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HOW TO

Create Your Own Webcomic
By: Jase Dow
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  • Rating: 4 stars4 stars4 stars4 stars4 stars / 29
    2004-12-10

    Table of Contents:
  • Create Your Own Webcomic
  • Your characters will...
  • Anyway, the point...
  • If you can...
  • The best promotion...

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    Create Your Own Webcomic - Your characters will...


    (Page 2 of 5 )

    Your characters will grow and change throughout this process, and continue to do so throughout the life of your comic but you need to get a handle on their basic character traits.

    For some reason the majority of comics revolve around a group of people (usually guys) that are somewhat geeky and live together. Usually in a university dorm. I would imagine that this is because that's the general life of the majority of webcomic authors. The premise itself also makes an awful lot of sense for the basis of a comic. When designing my own webcomic the process went a little something like this: I designed the main characters, most of which were drawings that I had been playing with since high school. Then I needed a reason for them to constantly see each other and interact, so I got them living together. They needed character traits that I could relate to, so they become university-aged students that had at least a passing interest in the geeky side of life.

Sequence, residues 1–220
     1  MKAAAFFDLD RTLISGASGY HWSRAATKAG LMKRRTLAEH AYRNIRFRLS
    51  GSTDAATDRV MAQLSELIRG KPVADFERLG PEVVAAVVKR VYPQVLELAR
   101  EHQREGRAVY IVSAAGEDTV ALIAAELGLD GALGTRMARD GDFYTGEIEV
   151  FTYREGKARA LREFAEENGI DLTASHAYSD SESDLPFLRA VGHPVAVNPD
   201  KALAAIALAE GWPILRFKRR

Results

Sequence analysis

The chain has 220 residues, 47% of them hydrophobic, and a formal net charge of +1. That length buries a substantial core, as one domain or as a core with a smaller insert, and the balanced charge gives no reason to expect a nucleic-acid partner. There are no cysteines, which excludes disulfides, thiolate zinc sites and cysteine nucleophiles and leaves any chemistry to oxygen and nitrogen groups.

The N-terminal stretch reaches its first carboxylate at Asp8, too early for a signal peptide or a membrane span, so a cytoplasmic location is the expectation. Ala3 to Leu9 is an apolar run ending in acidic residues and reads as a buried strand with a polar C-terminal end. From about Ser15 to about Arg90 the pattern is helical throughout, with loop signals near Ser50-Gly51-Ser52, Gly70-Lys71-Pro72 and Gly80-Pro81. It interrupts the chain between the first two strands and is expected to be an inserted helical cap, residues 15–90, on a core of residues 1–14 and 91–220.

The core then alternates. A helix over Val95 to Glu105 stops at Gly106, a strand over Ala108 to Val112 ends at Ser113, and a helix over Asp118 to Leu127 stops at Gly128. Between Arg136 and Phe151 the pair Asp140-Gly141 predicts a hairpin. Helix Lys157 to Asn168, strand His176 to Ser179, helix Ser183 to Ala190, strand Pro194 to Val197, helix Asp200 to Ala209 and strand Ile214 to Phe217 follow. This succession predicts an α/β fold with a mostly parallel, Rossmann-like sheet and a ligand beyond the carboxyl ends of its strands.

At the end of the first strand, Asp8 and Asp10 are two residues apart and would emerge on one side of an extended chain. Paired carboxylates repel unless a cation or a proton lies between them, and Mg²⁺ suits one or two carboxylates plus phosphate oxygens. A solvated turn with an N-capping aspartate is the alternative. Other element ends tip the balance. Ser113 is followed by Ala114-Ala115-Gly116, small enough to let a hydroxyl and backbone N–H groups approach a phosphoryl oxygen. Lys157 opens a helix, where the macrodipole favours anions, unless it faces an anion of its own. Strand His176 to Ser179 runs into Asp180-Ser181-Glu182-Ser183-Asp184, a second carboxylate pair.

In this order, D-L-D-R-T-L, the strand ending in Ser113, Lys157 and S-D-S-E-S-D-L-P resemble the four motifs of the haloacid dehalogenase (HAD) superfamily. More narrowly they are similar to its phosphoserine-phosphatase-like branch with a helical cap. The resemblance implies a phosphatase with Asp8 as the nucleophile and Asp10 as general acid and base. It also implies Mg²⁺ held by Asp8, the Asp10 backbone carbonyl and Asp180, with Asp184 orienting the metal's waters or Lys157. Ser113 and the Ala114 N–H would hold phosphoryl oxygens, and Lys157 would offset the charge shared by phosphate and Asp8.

I drew my first few strips and showed them to some friends, who liked them, so started looking into putting them online. The initial line up included two guys who lived together, a female love interest for one of the characters and a talking animal (in my case a frog, because I had this frog that I'd been drawing for years and had become quite attached to him).

    At this point I wasn't very experienced with webcomics, having only really read the syndicated newspaper comics that the syndicated press companies post online. So I started looking through some of the major comics, only to find that Sluggy Freelance had the talking animals, geeky guys that lived together and female love interest already covered. A bit more research revealed that the "university students living together" was covered in the large majority of comics. Furthermore, having a kind of wacky (and just a little stupid) character, and a more sensible and reserved one was practically a given. Then, to rub salt in the wound, I found that another comic had its main character design very similar to my own. So I got rid of the frog, removed the focus on gaming and university and otherwise left the comic as it was. Not entirely original.

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